Men’s Health Month
The purpose of Men’s Health Month is to heighten the awareness of preventable health problems and encourage early detection and treatment of disease among men and boys. This month gives health care providers, public policy makers, the media, and individuals an opportunity to encourage men and boys to seek regular medical advice and early treatment for disease and injury. The response has been overwhelming with thousands of awareness activities in the USA and around the globe.
National Men’s Health Week is celebrated the week leading up to Father’s Day, which is June 15-21, 2015. During this week, individuals, families, communities, and others work to promote healthy living among men and boys. Our parents spend so much of their time taking care of us, it’s easy to forget that they need to take care of themselves. June is men’s health month and along with the hugs and cards and special dinners to celebrate Father’s Day, be sure to remind Dad that the best way to care for his family is to take care of himself too.
Once we get over the age of 40, our prostates grow — it’s known as “benign prostate enlargement.” The common symptoms include slow urinary stream or a sudden urge to go to the bathroom. An enlarged prostate has been linked to a number of metabolic diseases such as diabetes and cardiovascular disease. Testosterone is the main male hormone, and is responsible for a number of things, including reproductive development as a male. It’s made in the testes, and impacts a number of functions. The most common symptoms of low testosterone are a decreased sex drive, erectile difficulty, tiredness, mood changes and occasional memory problems. If you have low testosterone, you’re at increased risk of developing diabetes, hypertension or a number of other chronic conditions.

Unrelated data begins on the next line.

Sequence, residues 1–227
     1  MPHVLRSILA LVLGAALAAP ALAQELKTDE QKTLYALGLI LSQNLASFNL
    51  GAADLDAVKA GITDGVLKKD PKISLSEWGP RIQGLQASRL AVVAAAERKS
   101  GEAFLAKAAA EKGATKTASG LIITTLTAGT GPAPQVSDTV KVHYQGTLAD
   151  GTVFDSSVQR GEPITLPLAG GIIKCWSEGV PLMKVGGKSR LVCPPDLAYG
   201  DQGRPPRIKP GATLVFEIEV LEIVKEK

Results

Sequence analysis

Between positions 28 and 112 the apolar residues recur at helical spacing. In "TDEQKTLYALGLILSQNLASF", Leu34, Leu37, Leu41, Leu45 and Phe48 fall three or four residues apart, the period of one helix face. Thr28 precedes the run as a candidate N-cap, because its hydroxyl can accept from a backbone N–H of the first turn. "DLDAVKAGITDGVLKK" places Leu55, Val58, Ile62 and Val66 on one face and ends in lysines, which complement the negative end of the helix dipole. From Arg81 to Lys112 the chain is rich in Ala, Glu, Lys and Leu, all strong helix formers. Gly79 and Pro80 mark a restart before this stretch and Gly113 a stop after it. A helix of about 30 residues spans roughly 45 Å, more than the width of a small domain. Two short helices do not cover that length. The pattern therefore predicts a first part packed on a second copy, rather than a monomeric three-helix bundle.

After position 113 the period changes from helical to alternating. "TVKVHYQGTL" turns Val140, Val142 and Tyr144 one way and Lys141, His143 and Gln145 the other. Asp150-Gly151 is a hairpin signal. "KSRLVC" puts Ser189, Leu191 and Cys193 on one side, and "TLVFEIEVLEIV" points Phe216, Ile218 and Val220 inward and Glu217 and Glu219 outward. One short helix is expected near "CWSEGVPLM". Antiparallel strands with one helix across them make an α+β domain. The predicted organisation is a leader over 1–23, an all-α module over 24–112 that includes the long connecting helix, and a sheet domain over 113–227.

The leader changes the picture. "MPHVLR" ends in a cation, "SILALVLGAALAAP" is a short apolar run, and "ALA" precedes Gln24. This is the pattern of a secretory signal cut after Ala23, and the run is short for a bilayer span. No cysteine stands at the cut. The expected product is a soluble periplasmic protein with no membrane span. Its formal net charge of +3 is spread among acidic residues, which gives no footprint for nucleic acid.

The leading causes of death among men ages 18 and over are heart disease and cancer. Additionally, diseases like prostate cancer, testicular cancer, hypertension, and obesity affect large portions of the male population. Though many of these diseases are not entirely preventable, making certain behavioral changes can go a long way in prevention and improved health overall. In particular, we hope to inspire conversation and spur action that promotes healthy behaviors.
The impact of prostate and testicular cancer on lives is substantial, with prostate cancer being the second most common cancer in men worldwide and the number of cases expected to almost double to 1.7 million cases by 2030. The state of men’s health is in a crisis. Simply put, men are dying too young. Gender is one of the strongest and most consistent predictors of health and life expectancy. For men, this is not good news. On average, across the world, men die 6 years earlier than women.
Each of us has different needs and concerns, but making an appointment and starting the conversation with a healthcare professional is the first step. While it may be daunting or even embarrassing to ask about these screenings, in most cases early detection can go a long way towards preventing a more serious situation. Our main focus for this month is to promote taking action and making changes that last. In modeling this behavior, we not only benefit ourselves but we encourage you to start the conversation and make changes in your own health behaviors. We will all benefit.